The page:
Christianity That’s Relevant

Why did Christianity flourish in the ancient world? What caused it to grow? Its ideas: “The simple phrase, ‘For God so loved the world,’ would have puzzled an educated pagan,” sociologist Rodney Stark says. “The notion that the gods care how we treat one another would have been dismissed as patently absurd.” To the Greco-Roman world, mercy was a character flaw; the ideal was justice. “Since mercy involves providing unearned help or relief, it was contrary to justice,” Stark adds. “This was the moral climate in which Christianity taught that mercy is one of the primary virtues — that a merciful God requires humans to be merciful. Moreover, the corollary that because God loves humanity, Christians may not please God unless they love one another was something entirely new. “Perhaps even more revolutionary was the principle that Christian love and charity must extend beyond the boundaries of family and tribe, indeed, that it must even extend beyond the Christian community.” This is what made Christianity flourish.

I have seen this personally. Cindy and I are in our thirty-sixth year of marriage. Her family has literally been my family. Eleven years ago this month her father Guy Godwin died suddenly at age 67 of a heart attack. It wasn’t unexpected. Mr. Godwin, as most called him because of his years as a school principal, was a man whose family history was saturated with heart trouble. His father died at age 43 with a heart attack. His mother died with the same ailment at age 52. His next oldest brother Jack died at age 39 with a heart attack, and oldest brother Howard at age 68, also with a heart attack. The amazing thing about Mr. Godwin to me is not the horrific family history of heart disease. It is the way that he loved.

He had his first heart surgery and five bypasses at age 50. Seven years later they were able to do four more bypasses. Ten years later he died, not as some invalid pent up without fanfare in a health-induced prison. Mr. Godwin loved people. He stayed busy, enjoyed travel, and worked his 400 acres of cotton on “Godwinized” machinery. He was active in his church, served as Staff-Parish Chair in the Greeleyville UMC. He also taught Sunday School, including the Sunday before he died. He mentored countless young men and women through education and the farm. He was part father, friend, private investigator, and corrections officer. He didn’t love in a frumpy syrupy way. He didn’t even have to say the words. He simply loved.

A quiet man who despised fanfare, he lived the Christian life and its ideals as well as anyone I have ever known, except perhaps my mother. Certainly, he could be hard-headed, and was addicted to farming even when it wasn’t such a great idea, but, all in all, Mr. Godwin lived life as about as well as I could imagine. He married the woman he loved more than anything or anyone else in the world. He was a man of utmost integrity and unblemished character. He raised two of the smartest intelligent independent caring overachieving women I have ever known, and our daughter Narcie exhibits his handiwork and values, too. He also put up with me and another son-in-law, albeit the other one is a Baptist preacher/CBF Director of Missions. Indeed, he suffered fools with patience, a lot more than I have. He taught my sons the value of family, hard work, the stupidity of arrogance, and the honor in doing a job without sympathy or accolades. He passed on to us all a grand appreciation for all people, especially those least likely to deserve it. It will forever be one of my greatest honors to have been included in his family.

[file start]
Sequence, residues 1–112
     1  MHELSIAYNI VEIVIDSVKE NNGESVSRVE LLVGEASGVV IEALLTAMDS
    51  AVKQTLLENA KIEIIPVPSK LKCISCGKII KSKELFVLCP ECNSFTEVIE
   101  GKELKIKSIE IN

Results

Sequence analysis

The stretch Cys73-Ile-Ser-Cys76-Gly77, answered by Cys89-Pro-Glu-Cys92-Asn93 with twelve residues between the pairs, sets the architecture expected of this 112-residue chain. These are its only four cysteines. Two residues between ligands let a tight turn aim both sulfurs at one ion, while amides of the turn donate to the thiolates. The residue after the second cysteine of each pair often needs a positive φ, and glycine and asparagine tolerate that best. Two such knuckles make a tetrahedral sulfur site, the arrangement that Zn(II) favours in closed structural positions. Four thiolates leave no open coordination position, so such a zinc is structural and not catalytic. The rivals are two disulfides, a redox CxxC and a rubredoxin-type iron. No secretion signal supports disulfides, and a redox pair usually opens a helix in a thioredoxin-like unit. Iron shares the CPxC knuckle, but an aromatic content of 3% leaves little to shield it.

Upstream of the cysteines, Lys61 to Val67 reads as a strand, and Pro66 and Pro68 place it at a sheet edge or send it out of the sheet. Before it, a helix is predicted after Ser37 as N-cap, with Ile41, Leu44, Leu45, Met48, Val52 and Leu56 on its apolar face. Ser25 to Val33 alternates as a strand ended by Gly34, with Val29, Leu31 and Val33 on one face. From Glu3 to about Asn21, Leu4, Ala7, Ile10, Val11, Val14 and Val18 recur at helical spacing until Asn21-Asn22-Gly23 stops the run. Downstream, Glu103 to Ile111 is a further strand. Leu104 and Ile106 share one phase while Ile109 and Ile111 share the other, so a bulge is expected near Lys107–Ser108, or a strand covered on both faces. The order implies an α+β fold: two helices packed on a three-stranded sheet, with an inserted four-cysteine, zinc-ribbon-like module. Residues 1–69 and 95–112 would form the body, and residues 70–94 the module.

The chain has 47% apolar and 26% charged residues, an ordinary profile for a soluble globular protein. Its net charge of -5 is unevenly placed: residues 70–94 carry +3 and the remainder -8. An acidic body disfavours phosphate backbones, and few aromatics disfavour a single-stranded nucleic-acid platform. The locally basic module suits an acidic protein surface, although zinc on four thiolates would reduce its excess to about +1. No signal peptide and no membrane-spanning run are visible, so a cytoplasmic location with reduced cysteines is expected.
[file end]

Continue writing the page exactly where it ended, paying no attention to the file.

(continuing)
It is people like Mr. and Mrs. Godwin that perpetuate the reason why the church has continued to grow. They have loved beyond the boundaries of family and tribe, and done it well. There is a story that aptly illustrates the kind of man that Mr. Godwin was: An ancient rabbi once asked his pupils how they could tell when the night had ended and the day was on its way back. “Could it be,” asked one student, “when you can see an animal in the distance and tell whether it is a sheep or a dog?” “No,” answered the Rabbi. “Could it be,” asked another, “when you look at a tree in the distance and tell whether it is a fig tree or a peach tree?” “No,” said the Rabbi. “Well, then what is it?” his pupils demanded. “It is when you look on the face of any person and can see … your brother or sister. Because if you cannot do this, then no matter what time it is, it is still night.” Mr. Godwin saw a child of God everywhere he looked. Who do I/you see?

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